- Speak to a builder or professional valuer about the cost of rebuilding your property and any external structures.
Claims management companies
Insurance claims management companies may promise to help you calculate your insurance claim for a fee. If you are thinking about using a claims management company, first contact one of the support agencies listed in for more information.
Other insurance cover
Most people are covered for some life insurance cover in their superannuation policy. If you have lost a family member in a disaster, contact their superannuation fund to make a claim to release their superannuation and life insurance.
While it is rare to get superannuation early, you may be able to get it on compassionate grounds or if you are on eligible income support from Centrelink and have financial hardship. The superannuation fund may also include cover for total and permanent disability, where you cannot continue working because of an injury or illness. Contact your superannuation fund or Centrelink for more information.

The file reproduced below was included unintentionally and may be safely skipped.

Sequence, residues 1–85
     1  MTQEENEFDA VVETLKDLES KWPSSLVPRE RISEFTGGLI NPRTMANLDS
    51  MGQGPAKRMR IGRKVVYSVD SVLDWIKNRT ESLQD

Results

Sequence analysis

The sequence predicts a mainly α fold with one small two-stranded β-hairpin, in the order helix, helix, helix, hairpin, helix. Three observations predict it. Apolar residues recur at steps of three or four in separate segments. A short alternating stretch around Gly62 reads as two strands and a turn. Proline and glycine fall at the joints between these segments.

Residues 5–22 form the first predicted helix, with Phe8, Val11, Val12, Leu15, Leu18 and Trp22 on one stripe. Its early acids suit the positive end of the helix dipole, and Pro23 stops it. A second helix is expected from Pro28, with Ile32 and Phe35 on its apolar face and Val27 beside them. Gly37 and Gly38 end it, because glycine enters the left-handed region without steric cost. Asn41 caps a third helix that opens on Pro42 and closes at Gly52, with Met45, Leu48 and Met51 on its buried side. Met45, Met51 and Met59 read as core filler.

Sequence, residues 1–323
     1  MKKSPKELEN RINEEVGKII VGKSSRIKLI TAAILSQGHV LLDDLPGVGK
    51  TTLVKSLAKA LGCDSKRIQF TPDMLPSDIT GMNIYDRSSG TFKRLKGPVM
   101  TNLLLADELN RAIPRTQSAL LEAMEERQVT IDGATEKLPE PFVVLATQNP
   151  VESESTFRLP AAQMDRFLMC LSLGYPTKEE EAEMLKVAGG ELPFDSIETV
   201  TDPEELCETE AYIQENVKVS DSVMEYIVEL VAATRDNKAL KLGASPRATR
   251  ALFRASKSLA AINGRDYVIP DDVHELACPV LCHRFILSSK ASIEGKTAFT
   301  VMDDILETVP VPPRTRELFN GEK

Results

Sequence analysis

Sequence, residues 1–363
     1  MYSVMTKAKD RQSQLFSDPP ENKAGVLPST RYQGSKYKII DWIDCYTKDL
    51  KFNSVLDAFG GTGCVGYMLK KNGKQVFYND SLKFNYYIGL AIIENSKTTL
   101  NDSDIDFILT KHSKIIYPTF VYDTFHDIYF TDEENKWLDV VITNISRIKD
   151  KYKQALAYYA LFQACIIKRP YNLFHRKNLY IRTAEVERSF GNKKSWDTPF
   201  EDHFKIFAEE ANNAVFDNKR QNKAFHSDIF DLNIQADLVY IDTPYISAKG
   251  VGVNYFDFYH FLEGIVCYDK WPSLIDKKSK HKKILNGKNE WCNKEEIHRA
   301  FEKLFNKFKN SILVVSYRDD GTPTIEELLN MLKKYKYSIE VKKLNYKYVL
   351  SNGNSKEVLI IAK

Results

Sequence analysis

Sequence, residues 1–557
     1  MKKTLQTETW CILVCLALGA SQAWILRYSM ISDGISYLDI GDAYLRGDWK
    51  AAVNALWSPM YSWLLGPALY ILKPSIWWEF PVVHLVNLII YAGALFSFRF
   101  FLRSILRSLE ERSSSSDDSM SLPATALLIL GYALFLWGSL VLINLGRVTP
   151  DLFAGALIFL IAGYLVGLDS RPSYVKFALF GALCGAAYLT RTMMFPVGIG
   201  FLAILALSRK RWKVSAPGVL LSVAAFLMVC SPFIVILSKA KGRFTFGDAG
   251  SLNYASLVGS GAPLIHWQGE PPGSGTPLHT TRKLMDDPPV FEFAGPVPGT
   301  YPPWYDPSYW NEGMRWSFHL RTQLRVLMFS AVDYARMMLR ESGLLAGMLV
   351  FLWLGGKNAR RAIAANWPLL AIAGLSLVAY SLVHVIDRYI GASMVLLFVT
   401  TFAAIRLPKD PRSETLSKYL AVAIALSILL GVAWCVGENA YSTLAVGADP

Consumer credit insurance
You may have consumer credit insurance on a personal loan, mortgage or credit card. This covers you if something happens that means you cannot make payments on your loan. This includes if:
- you lose your job
- get sick or have an accident
- there has been a death in the family.
Where to get help
Consumer Action Law Centre
Legal advice and financial counselling for vulnerable people in Australia.
Victoria Legal Aid
Legal advice and services for people in Victoria.
Insurance Law Service
Legal advice for people under financial stress.
Australian Financial Complaints Authority
To make a complaint against an insurance agency
Insurance Council of Australia
Information to help people understand their insurance needs
National Debt Helpline
Free financial counselling and help with dealing with debt
Reviewed 22 March 2022